Rio de Janeiro favela features world’s first pitch powered by players

We’re all used to Pelé doing the remarkable, so it shouldn’t come as a surprise that the Brazilian soccer legend has partnered with Shell to unveil something truly mind-blowing: A pitch that’s powered by players.

That’s right. Nestled in a favela in Rio de Janeiro, there’s now a pitch with floodlights that are powered by the kinetic energy of the players on the pitch. Per Shell:

Special tiles under the pitch surface to capture the energy generated by football players’ movement. This energy is then stored and combined with the power generated by solar panels next to the pitch to convert into renewable electricity for the pitch’s new floodlights.

How awesome is that? Take a look at the before and after shots of the once rundown pitch in the Morro da Mineira favela.


imageWe’re not sure if there’s a timer on those lights … but something tells us they likely won’t be going out anytime soon.

(h/t Metro, images via Shell)


You can now buy the gems made out of Pele’s hair

Back in April, it was revealed that Pele was working with Diamantes Brilho Infinito to create a statue to commemorate memorable goals and moments in his career.

The gems were created with carbon from Pele’s hair. No, don’t ask us how or why. Just go with it.

Now, the diamonds are available for purchase online. And don’t worry, you’ve got plenty of options to choose from.


The whole thing is entirely bizarre, but Pele also announced on Twitter on Thursday that the proceeds from the diamonds are going to charity, so at least there’s that.

You keep doing you, Pele.


Pele diamond statues created from his own DNA

Yes, this is really a thing.

For the bargain price of $7,500 you can now own a special World Cup souvenir — a diamond figurine made of diamonds that actually contain DNA extracted from Pele’s hair.

A total of 1,238 of these special edition statues will be available for purchase, one for each goal Pele is said to have scored in his legendary career.


Jon Stewart gushes after Pele gives him a 1970 World Cup jersey

Even heroes have heroes of their own. Brazilian superstar Pelé opened up about his idol — Dondinho, his father — on The Daily Show last night.

Pelé reflected on the first time he saw his father cry, back in 1950.

"[I saw my father crying], and I asked him, ‘Why are you crying?’

'Brazil lost the World Cup.'

'I'm going to win one World Cup for you, don't worry.'”

Yeah, he fulfilled that promise (and then some).

And from Jon Stewart’s reaction to the extraordinary gift the Brazilian legend gave him, it’s safe to say Pelé is one of his idols:

We feel you, Jon.


Pele, CR7 fight for fans’ affection in airline ad


It’s always humbling to find oneself in the presence of greatness. But what if two equally-great stars happen to be on the same flight?

Emirates Airline explores that very scenario in a new advertisement that comes just in time for the World Cup.

In the ad, Cristiano Ronaldo emerges from a fancy first-class bathroom and walks over to the even fancier onboard bar, when he overhears two fellow passengers whispering to each other. Cracking a smile, Ronaldo figures they’re talking about him like two giggly schoolgirls. But when the two talk about the “three World Cups” he’s won, the Portuguese star suddenly realizes he was mistaken. At that moment, the great Pele appears, smirking all the way as if to say “Calm down, rookie. They’re here for me.”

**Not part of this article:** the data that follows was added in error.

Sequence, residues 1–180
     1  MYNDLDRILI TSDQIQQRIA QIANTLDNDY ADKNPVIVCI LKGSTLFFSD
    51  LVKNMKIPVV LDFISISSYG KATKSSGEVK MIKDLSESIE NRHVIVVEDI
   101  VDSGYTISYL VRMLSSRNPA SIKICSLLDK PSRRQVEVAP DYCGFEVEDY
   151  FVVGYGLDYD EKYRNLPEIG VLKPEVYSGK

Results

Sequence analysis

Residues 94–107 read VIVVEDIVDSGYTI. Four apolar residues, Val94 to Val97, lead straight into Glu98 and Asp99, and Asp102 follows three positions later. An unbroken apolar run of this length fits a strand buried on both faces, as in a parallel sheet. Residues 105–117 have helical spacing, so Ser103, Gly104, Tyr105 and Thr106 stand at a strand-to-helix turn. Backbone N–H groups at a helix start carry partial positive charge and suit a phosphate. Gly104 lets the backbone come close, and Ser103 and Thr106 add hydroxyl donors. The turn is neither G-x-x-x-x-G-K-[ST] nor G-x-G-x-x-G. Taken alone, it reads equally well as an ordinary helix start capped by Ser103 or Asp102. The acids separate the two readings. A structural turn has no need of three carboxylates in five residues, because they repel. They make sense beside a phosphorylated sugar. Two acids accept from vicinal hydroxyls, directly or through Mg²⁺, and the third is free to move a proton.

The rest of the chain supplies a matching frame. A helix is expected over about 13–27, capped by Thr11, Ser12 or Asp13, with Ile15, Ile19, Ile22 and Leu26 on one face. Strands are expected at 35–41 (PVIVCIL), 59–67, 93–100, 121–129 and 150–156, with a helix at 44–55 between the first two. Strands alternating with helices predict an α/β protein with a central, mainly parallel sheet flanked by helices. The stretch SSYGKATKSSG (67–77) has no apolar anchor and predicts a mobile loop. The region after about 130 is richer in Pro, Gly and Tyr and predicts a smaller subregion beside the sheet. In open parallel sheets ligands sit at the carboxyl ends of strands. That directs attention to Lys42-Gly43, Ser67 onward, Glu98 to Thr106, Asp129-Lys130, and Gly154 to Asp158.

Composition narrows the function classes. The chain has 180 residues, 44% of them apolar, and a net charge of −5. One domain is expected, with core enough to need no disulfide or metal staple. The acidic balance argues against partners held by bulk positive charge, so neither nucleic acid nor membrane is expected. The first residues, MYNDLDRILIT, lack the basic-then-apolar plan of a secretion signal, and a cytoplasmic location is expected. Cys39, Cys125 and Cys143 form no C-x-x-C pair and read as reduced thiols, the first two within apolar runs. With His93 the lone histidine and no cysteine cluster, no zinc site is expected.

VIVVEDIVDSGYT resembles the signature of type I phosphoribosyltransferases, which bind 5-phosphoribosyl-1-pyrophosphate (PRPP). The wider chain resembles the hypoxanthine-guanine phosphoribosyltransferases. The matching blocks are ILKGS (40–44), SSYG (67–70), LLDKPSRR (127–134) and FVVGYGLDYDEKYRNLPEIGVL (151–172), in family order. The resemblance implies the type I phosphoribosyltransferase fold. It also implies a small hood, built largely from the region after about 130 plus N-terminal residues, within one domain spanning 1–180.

But to show that Emirates “connect all football fans,” no matter who they might adore, a third, younger passenger appears and asks for a picture with Ronaldo, presumably not recognizing the great Pele, which is absurd. The two legends smile at each other like, coming to the understanding that “hey, we are both so awesome.”

And then they all fly off to Brazil together, happily ever after. Because who wouldn’t be if they can afford a seat on that ostentatious airbus!

Watch the ad below:


Ouch! Pele broke Sylvester Stallone’s finger while filming ‘Victory’


No one will ever question Sylvester Stallone’s toughness on the silver screen. Stallone’s most painful moment during his blockbuster movie career, though, might come as a bit of a shock.

During a recent promotional interview for ‘Grudge Match’ with the BBC, the Hollywood legend recalled a humbling experience while filming the 1981 classic ‘Victory.’ In the film, Stallone played the role as an American POW goalkeeper, starring alongside soccer greats Bobby Moore, John Wark, Ossie Ardiles and Pele:

Stallone told the BBC:

"That was one of the low points of my life. What a butt-kicking I got! I still have a broken finger from trying to block a penalty by Pele.

"He put on a pair of World War II shoes which were steel-tipped, and the ball was like a cannonball - it was twice as thick and heavy as footballs are today. He was telling me he was going to take a shot and I thought ‘It’s soccer, what’s the big deal? It’s easy.’

"He came to take one penalty shot and he told me exactly where he was going to put it, so I stood there but the ball still flew past me before I could move.

"He put it literally right where he had said. He did it again, and it ripped through the back of the net and broke a window in the barracks where we were filming. I went ‘Are you kidding me?’ I found a new kind of respect."

Sounds painful. Then again, what did Sly expect when attempting to stop the greatest player of all-time from scoring?

(H/T Dirty Tackle, BBC)

Images provided by Getty


Neymar so great that Brazilian cocaine bears his likeness?


This latest Neymar story is one we certainly didn’t see coming, but this picture from the folks over at 101GG.com pretty much tells you all you need to know: